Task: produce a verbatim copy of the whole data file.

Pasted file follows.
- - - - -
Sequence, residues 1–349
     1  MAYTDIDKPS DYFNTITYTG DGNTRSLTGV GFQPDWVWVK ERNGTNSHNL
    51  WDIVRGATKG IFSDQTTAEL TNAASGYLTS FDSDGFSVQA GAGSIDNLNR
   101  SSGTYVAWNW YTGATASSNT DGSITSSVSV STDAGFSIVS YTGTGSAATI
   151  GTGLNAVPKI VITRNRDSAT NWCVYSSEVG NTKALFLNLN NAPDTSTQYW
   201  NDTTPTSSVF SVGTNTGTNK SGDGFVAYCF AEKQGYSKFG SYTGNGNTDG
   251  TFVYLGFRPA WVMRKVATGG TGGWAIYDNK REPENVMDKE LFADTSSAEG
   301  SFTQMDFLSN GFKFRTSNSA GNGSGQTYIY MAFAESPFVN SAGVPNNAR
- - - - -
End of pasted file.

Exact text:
Sequence, residues 1–349
     1  MAYTDIDKPS DYFNTITYTG DGNTRSLTGV GFQPDWVWVK ERNGTNSHNL
    51  WDIVRGATKG IFSDQTTAEL TNAASGYLTS FDSDGFSVQA GAGSIDNLNR
   101  SSGTYVAWNW YTGATASSNT DGSITSSVSV STDAGFSIVS YTGTGSAATI
   151  GTGLNAVPKI VITRNRDSAT NWCVYSSEVG NTKALFLNLN NAPDTSTQYW
   201  NDTTPTSSVF SVGTNTGTNK SGDGFVAYCF AEKQGYSKFG SYTGNGNTDG
   251  TFVYLGFRPA WVMRKVATGG TGGWAIYDNK REPENVMDKE LFADTSSAEG
   301  SFTQMDFLSN GFKFRTSNSA GNGSGQTYIY MAFAESPFVN SAGVPNNAR